Revolved Triangle Basics:
Sanskrit: Parivrtta Trikonasana (par-ee-vrit-tah trik-cone-AHS-anna)
Pose type: Twist
Targets: Full body
Why We Love It: “When I was in yoga teacher training, each weekend we would workshop various poses, and our trainer would call on one of us to demonstrate,” says Yoga Journal senior editor Renee Schettler. “One day I was called to demo Revolved Triangle Pose. We hadn’t studied it yet, and though I had been practicing yoga for years, I hadn’t committed many Sanskrit names to memory. I had no idea what to do. I hesitated, uncertain, and then took a long breath. Then, without thinking, I settled into the posture.
Where that knowing came from, I have no explanation I think that sums up my experience with yoga at large and this posture in particular. The less I try to think my way through the posture and the more I can feel my way through it, the easier and more aligned things turn out.That’s not to say Revolved Triangle is easy. It’s not! And that’s what I appreciate about it. The challenge is to come into the posture seeking to have strong extended legs, straight back, hips not swaying off to one side, and back not arching, yet without getting so lost in your thoughts that you forget what the pose could do for you should you let yourself pause in it. Less thinking. More feeling.”
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Revolved Triangle strengthens and stretches the legs, opens the chest to improve breathing, relieves mild back pain and improves your sense of balance.
Revolved Triangle Pose: Step-by-Step Instructions
- Begin in Tadasana (Mountain Pose) at the top of your mat.
- Place your hands at your hips, and notice that your frontal hipbones are square to the front of your mat.
- Observe also that the two sides of your waist are equally long—your side bodies are even.
- Now, imagine a central axis like a column of energy running through your torso from your pelvic floor to the crown of your head.
- With every inhalation, emphasize both the length and the integrity of this axis; the column is straight and is not tilting or curving off to one side or another.
- Keeping your hips square and your hands at your hips, step your left foot back 3½–4 feet.
- Line up heel to heel with the back foot at a 45-degree angle.
- Having stepped back, notice what has changed with the pelvis. To recreate the pelvis from Mountain Pose, root down with your right big toe mound while pinning your right outer hip back and in toward your left heel.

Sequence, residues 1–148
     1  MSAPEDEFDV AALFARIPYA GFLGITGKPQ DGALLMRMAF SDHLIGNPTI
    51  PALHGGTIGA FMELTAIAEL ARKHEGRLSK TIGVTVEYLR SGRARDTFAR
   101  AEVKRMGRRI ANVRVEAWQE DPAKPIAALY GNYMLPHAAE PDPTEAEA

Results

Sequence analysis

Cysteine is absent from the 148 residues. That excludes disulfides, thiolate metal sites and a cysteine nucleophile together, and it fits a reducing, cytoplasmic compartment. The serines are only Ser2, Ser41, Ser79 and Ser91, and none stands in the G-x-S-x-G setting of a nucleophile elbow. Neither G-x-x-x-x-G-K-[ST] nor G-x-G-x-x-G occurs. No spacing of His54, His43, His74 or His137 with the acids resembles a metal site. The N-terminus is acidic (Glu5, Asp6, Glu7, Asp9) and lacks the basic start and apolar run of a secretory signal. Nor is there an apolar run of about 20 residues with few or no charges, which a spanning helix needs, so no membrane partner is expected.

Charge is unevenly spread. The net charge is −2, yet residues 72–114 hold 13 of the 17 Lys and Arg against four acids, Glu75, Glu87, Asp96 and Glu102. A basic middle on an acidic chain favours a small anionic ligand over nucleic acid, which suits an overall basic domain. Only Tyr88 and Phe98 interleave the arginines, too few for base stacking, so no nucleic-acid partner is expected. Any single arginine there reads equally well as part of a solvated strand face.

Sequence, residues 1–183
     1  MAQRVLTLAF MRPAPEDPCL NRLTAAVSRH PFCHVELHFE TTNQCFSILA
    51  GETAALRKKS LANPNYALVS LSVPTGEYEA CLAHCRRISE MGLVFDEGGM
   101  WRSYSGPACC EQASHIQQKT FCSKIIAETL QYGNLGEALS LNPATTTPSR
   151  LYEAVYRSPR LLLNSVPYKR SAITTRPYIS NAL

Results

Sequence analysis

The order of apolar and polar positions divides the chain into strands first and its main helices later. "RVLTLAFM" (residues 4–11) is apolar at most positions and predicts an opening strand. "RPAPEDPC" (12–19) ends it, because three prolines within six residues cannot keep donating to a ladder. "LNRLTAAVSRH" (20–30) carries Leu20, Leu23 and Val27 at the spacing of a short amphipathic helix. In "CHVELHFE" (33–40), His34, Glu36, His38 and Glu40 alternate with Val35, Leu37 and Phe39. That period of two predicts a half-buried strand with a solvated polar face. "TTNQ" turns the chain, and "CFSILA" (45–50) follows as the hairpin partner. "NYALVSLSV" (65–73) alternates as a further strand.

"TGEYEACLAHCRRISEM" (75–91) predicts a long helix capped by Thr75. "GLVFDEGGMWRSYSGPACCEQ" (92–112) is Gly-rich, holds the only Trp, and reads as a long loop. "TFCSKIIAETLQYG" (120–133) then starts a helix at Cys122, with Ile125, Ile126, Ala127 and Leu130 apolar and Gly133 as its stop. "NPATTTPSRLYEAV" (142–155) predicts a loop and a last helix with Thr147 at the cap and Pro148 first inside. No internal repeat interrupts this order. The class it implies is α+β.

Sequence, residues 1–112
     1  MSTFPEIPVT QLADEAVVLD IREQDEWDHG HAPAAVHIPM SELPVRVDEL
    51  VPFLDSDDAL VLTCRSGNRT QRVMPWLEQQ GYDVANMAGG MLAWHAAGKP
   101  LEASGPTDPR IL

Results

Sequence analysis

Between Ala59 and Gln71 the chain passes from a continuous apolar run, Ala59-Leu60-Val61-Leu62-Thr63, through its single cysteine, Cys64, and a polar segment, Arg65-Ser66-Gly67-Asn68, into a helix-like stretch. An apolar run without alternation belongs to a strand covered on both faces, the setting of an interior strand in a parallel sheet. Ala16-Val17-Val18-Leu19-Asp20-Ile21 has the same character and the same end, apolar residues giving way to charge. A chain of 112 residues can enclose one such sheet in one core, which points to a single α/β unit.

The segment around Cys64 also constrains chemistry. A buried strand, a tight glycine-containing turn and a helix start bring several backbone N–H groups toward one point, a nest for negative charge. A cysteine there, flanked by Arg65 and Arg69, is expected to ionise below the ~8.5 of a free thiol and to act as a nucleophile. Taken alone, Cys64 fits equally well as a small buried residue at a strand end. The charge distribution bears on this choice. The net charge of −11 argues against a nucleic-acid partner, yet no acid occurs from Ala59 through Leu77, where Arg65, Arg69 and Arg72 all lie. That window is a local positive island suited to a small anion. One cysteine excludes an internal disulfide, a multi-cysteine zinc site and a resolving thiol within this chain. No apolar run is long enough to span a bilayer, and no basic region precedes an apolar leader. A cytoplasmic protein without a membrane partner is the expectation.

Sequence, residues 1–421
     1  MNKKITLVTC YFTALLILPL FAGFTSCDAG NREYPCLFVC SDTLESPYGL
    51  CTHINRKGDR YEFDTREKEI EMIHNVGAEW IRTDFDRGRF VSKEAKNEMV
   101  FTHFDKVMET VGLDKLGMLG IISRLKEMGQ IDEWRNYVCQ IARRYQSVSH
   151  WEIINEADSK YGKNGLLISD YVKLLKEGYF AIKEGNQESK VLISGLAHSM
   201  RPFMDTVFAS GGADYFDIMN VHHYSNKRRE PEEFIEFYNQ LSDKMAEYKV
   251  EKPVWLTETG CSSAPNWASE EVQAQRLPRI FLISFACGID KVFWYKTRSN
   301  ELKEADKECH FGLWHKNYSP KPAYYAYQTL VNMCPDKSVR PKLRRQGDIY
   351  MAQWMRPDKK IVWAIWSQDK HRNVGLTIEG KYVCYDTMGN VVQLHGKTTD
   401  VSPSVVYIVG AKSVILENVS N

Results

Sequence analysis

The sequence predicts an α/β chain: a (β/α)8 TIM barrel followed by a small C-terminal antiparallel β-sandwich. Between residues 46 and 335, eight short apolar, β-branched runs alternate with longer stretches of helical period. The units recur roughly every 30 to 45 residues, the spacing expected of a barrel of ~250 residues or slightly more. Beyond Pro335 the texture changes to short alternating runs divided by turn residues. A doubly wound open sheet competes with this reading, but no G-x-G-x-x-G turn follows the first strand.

- Spin your left inner thigh back to roll your left outer hip forward. • Simultaneously press your left thighbone back and drop anchor with your left heel.
- Inhale, and raise your left arm; exhale, and reach your torso forward, aiming your sternum for the front center of your mat.
- Place your left hand to the outside of your right ankle, and take your right arm to the ceiling, hand above your right ear, gaze to your top thumb.
- Continue to pin your right hip back and in while pressing your left femur back—the effort is to keep the two sides of your waist equally long.
- Inhale to lengthen your spine, maintaining the integrity of your central axis by aiming your sternum to the front center of your mat, rather than letting it drift to one side or the other.
- Exhale to revolve around that length.
- Hold for 5–10 breaths, then take your gaze to the floor, and backstroke your right arm toward the back of your mat and windmill your left arm up and around to exit the pose.
- Return to Mountain Pose at the front of your mat.
- Repeat on the other side.
This pose is slightly easier with a narrower stance. Beginners should also bring their hand to the inner foot, whether on the floor or on a support like a block or folding chair.
Teaching Parivrtta Trikonasana
These tips will help protect your students from injury and help them have the best experience of the pose:
- One of the most common problems in this pose is the inability to keep the back heel grounded, which makes the pose very unstable. There are various ways to help students deal with the back heel. First, of course, you can advise students to accept the situation and work diligently to press through the heel (and open the back-leg groin) even though it’s off the floor. Second, you can advise students to perform the pose with their back heels wedged against a wall, which gives them something to push into. Or finally, they can raise the back heel on a lift and, over time, work to gradually lower the lift until the heel stays on the floor.
- When students bring their bottom hand to the outside of the forward leg, advise them to press the forearm firmly against the outer shin. This pressure of arm-against-leg will help their torsos rotate more deeply into the pose.
Variation: Revolved Triangle Pose with a Block
Bharadvajasana (Bharadvaja’s Twist)
Virabhadrasana I (Warrior I)
Parsvottanasana (Intense Side Stretch Pose)
Uttanasana (Standing Forward Bend)
Utthita Trikonasana (Extended Triangle Pose)
Uttanasana (Standing Forward Bend)